Just south of the small state park, The Country Inn of Berkeley Springs’ 26th annual International Water Tasting Competition took place in February 2016, where a weekend of events centers on the taste of municipal, spring, purified and sparkling waters. The event is open to the public and culminates with a lively dash for all the free bottles of water sent in by competition participants.

I served as a judge at the last competition, where the title of best sparkling water went to a manufacturer from Bosnia and the best city water was a tie between the Canadian city of Clearbrook and Eldorado Springs, CO.

Berkeley Springs enters its own tap water in the municipal category each year, but the city has never won. Mozier says the closest the town got was the year she helped sneak a sample of the springs’ untreated water (before it went through the city treatment process) into the competition, when Berkeley Springs won second. Still, visitors that come for the water’s healing properties also bring jugs to fill up on drinkable water from two fountains, even if what flows has been treated. 

“If you scooped the hot water out of the springs with your hands, that’s the place to get it,” she said half-joking, “if you don’t mind a few minnows.”

Berkeley Springs maintains a lively shopping district and hosts a festival each month to draw tourists from the nearest metro areas. There’s a summer concert series in July and August, an Apple Butter Festival in October, a psychic fair in November and “Spa Fest” for the entire month of January.

Then there are the mainstays. The town’s artistic culture is palpable during a walk through part of the 40,000-square-foot gallery that a group of local artists have begun to renovate, where yoga classes and art studios share space. To add to its artistic ambiance, Berkeley Springs has more than its share of shops selling coffee, alternative healthcare and psychic readings.

The two main streets of shops and eateries are interspersed with a half-dozen spas that tap into the waters to offer soaks, scrubs and massages. Another two bathhouses are located at the state park.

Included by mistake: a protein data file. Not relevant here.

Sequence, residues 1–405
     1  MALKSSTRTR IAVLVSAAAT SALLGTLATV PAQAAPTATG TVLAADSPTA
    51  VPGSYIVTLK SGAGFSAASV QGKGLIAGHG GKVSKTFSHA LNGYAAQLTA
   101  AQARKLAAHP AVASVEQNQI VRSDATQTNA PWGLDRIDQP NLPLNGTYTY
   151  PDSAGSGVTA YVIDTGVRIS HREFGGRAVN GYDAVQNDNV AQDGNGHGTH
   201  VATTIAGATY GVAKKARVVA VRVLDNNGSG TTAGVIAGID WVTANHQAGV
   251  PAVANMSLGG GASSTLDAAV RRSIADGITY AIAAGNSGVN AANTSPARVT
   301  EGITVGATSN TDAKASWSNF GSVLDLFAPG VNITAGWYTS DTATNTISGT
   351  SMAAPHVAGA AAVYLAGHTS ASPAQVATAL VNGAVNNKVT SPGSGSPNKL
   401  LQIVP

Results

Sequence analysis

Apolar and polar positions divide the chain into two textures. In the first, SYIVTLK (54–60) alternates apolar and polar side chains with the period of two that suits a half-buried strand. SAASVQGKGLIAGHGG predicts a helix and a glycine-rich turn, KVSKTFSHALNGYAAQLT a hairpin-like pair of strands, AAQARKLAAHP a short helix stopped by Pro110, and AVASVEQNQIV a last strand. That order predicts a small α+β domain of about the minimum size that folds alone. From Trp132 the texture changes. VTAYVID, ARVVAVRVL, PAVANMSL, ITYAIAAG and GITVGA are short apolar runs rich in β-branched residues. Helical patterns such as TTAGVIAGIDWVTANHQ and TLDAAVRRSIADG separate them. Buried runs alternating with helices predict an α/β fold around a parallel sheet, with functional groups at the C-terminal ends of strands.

The Roman Bath is Mozier’s favorite for a simple soak, located in an 1815 building that heats its deep, tiled tubs to 102 degrees. Above the bathhouse is the town museum, which features soaking tubs of lore, historical photos
and a giant crystal like those the nearby sand mine turn into silica.

Many tourists hit the spas and bathhouses after long hikes through the woods and park areas surrounding Berkeley Springs. Cacapon Resort State Park is a short drive from town and offers hiking trails, a swimming lake, golf course and nature center.

On the way back to town, tucked into a small industrial strip, is the new Berkeley Springs Brewing Co., offering tastings, food and live music on occasion.

The small town isn’t lacking for culinary options, either, especially considering its size. It is home to the only West Virginia restaurant nominated for the James Beard Award for culinary excellence — the Lot 12 Public House, where chef Damian Heath has transformed the parlor of an old Victorian into a backdrop for haute-comfort cuisine. The only reason not to stay for dessert is to catch a late movie at Mozier’s Star Theatre, where the lit marquee and antique popcorn machine round out the town’s back-in-time feel.

Breakfast at the Highlawn Inn is also not to be missed, though it’s among several bed-and-breakfasts scattered along neighborhood streets that are brimming with Victorian charm.

Even during my February visit, Berkeley Springs and its residents were warm and inviting. But don’t let them keep you too busy to soak in this town of spas.

Visit these websites for help planning your trip to Berkeley Springs:

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Whitney Pipkin

Whitney Pipkin writes at the intersection of food, agriculture and the environment from her home base in Northern Virginia. Her work for the Bay Journal often focuses on the Potomac and Anacostia rivers, and she is a fellow of the Institute for Journalism & Natural Resources. .(JavaScript must be enabled to view this email address).